There are any number of biases that can disrupt clarity of thought. Some of the biases have a financial cost, and some can inflict damage on a group of stigmatised individuals. But in the world of law, bias can be especially damaging.
For the interested reader, and anyone who wishes to discover the nature of the biases, I’ll post a link revealing a good number of them at the end of this summary.
A recent summary by the APA, looks at the issue of bias within the legal system.
Bias within the legal system is an incredibly dangerous beast, these biases can threaten the very notion of a fair and impartial legal system. More and more literature is revealing the subtle ways in which these biases are made manifest.
A new article (Neal et al, 2022 as cited in APA, 2022) reveals the problematic nature of bias. However, the article also presents some hope for reducing the appearance of bias. The authors conducted a systematic review of bias from a forensic mental health context.
According to the APA’s summary, the authors found that 69.6% of the studies only focused on the biases themselves without consideration of how these biases might be addressed.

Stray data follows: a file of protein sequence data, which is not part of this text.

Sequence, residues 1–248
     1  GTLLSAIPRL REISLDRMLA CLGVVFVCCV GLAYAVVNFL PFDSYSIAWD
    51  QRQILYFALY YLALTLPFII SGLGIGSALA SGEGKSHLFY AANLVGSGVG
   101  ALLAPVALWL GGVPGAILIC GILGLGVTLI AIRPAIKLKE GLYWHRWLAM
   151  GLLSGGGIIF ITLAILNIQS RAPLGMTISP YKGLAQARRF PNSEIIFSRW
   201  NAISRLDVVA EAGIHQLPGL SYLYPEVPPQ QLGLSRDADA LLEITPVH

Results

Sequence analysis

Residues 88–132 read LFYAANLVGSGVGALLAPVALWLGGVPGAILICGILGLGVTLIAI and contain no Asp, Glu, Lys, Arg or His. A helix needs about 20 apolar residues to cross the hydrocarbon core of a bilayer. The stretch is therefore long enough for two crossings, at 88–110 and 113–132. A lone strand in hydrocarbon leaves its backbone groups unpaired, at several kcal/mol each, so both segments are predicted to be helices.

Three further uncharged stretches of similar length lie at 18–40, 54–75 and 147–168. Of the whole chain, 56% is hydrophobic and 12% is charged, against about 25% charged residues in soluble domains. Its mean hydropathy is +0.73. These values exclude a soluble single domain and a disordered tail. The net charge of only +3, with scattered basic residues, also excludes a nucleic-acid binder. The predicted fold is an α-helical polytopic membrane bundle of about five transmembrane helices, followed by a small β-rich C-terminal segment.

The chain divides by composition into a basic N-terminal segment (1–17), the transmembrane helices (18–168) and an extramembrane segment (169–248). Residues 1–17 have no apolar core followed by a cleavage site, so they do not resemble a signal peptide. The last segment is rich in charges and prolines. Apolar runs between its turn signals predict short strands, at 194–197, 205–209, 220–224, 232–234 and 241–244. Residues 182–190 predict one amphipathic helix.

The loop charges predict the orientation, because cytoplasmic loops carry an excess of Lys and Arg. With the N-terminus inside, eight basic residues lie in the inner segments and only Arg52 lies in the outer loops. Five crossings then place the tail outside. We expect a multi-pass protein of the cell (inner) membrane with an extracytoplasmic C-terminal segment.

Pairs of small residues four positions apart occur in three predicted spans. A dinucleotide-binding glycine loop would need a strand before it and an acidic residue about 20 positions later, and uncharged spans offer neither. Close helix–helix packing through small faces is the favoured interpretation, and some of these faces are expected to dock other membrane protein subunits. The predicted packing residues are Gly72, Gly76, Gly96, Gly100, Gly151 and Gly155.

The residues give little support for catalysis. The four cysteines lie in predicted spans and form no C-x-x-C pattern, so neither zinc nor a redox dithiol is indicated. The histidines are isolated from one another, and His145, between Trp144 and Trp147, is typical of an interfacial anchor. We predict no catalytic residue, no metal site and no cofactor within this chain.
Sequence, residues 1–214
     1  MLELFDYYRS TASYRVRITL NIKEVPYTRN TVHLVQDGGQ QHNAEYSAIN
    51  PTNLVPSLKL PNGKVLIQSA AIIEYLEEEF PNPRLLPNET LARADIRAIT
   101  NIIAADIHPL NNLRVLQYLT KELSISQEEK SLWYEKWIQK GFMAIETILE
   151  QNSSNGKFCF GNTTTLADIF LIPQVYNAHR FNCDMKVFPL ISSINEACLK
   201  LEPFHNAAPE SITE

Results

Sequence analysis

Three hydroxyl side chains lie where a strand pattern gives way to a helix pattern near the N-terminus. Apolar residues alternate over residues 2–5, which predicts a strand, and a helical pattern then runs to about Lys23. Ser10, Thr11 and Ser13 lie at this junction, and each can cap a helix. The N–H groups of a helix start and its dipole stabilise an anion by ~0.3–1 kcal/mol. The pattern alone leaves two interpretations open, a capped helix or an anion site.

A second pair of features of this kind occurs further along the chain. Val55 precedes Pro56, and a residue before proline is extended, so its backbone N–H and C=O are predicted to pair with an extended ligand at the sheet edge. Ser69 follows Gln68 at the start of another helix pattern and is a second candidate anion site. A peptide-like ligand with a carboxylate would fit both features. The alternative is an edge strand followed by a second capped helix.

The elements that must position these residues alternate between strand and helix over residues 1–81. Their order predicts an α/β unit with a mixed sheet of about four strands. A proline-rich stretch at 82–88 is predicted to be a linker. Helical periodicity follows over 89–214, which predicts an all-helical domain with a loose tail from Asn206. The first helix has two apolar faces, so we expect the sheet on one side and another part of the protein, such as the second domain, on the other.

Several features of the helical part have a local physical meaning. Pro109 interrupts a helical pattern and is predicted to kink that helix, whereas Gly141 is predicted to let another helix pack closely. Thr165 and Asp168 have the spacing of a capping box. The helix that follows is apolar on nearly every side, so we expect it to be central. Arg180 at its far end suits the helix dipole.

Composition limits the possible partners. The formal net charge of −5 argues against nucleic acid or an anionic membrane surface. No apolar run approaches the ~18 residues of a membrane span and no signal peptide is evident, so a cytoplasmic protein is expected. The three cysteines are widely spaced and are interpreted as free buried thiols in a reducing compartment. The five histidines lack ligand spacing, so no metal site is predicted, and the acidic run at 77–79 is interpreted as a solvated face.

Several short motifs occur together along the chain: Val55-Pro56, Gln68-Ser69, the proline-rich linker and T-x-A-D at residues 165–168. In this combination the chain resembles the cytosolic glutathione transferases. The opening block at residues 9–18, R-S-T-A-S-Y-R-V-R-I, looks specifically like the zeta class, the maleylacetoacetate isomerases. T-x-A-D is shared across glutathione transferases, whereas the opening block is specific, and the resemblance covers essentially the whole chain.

Of the 17 studies which focused on bias, 10 found significant results of bias in forensic mental health experts (58.8%).
Four additional studies found partial evidence of bias.
The most common bias was adversarial allegiance. In legal terms, one might imagine that an expert who is working for the prosecution allows his opinions to draw him to sharing the viewpoint of the case from the perspective of the prosecution (I’ll post a link exploring adversarial allegiance at the bottom).
Other common biases found included:
Gender and racial bias
Only two of the studies showed debiasing options. The authors suggest that a more careful and deliberate cognitive process goes a little way to solving the issue of bias, and while it can still lead to bias in certain predictable cases, biases can be reduced.